brockp

xCOPY() poor performance vs pgcc

Discussion created by brockp on Sep 29, 2008
Latest reply on Dec 17, 2008 by brockp
xCOPY() demonstrates poor performance compared to code generated by PGI's pgcc 7.2

I was curious about the performance of memcpy() vs xCOPY() from ACML.

My test case, stream.c from: http://www.cs.virginia.edu/stream/ and wrote a version that uses ACML or memcopy(),  I am using the PGI 7.2 compiler and their shipped acml (4.1.0 from acmlversion()  The hardware platform is an opt2218,

copy results:

pgcc stream.c -fastsse  (C code only)

5737.7932 MB/s

pgcc stream.c -fastsse -lacml -DTUNED (dcopy())

5727.4169 MB/s

pgcc stream.c -fastsse -lacml -DTUNED -DMEMCPY  (use memcpy())

3056.8649 MB/s

 

So the compiler makes as good of code as ACML thats great!  but the kicker is when you enable threading. The compiler does a better job of effitivly using both the memory controlers and increasing memory copy performance from C code and ACML does not appear to do anything,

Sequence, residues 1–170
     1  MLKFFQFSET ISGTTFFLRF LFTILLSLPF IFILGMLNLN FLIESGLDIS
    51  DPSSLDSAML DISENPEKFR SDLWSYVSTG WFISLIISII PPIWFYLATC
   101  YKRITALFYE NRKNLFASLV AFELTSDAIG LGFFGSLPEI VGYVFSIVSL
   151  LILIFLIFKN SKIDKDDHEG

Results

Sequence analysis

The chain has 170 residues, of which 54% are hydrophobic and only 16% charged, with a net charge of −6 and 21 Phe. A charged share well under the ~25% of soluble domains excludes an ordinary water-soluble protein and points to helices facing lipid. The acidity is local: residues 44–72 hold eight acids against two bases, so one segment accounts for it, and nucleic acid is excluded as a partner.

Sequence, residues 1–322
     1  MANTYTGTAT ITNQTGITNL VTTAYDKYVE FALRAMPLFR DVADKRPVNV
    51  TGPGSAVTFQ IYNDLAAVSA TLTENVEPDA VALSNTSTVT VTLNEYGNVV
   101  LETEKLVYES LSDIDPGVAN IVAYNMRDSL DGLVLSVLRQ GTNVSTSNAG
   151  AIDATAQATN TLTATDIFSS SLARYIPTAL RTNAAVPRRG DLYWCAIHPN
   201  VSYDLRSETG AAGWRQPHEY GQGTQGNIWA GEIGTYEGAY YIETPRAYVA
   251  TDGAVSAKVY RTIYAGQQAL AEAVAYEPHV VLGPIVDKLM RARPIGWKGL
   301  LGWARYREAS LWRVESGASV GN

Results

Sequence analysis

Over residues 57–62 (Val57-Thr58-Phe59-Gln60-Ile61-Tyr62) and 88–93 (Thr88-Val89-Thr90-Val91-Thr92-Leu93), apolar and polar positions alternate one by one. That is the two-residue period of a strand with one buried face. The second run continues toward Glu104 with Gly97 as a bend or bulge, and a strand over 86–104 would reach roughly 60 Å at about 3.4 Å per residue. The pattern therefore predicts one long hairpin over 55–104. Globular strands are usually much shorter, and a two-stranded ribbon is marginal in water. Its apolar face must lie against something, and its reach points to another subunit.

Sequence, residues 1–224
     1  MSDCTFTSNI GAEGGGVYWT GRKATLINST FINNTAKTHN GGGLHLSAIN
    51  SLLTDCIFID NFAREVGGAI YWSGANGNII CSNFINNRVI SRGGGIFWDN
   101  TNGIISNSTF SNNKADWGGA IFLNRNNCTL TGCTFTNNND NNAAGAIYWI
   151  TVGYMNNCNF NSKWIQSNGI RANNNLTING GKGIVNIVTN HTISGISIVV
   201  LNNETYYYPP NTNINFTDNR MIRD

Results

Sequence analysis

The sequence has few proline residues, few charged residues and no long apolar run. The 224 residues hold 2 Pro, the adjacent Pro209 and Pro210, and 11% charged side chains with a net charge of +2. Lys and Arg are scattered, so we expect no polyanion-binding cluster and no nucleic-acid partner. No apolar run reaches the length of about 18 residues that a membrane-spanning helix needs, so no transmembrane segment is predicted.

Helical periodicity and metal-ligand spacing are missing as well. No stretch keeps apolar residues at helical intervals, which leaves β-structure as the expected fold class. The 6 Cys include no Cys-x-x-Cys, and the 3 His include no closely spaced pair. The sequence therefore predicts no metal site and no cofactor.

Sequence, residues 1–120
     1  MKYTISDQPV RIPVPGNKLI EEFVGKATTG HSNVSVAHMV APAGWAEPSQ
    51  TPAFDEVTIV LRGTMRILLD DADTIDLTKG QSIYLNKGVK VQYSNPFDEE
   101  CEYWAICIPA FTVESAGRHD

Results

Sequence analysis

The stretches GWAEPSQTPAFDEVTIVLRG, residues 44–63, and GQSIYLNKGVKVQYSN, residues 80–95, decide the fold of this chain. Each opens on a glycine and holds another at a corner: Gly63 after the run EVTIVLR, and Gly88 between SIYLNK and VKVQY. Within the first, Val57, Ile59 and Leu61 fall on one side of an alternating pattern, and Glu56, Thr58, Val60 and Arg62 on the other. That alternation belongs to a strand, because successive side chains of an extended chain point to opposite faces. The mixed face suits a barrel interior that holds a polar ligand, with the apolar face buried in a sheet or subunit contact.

pgcc stream.c -fastsse -mp  (C code with OpenMP)

10934.6766 MB/s 2 threads

11822.7677 MB/s 4 threads

 

pgcc stream.c -fastsse -mp -lacml_mp -DTUNED (dcopy() with OpenMP)

4525.8578 MB/s 2 threads

5177.1047 MB/s 4 threads

 

I should point out the C code is just:

 

#pragma omp parallel for
        for (j=0; j<N; j++)
            c[j] = a[j];

Is there a reason why ACML does not support threaded dcopy() to use multiple memory controlers?  I relize that at small array sizes threading overhead is a problem but the OpenMP functions allows userspace code to modify the number of threads like:

 

if (N < 1000)

  set_omp_threads(1)

  copy

else

 copy

end

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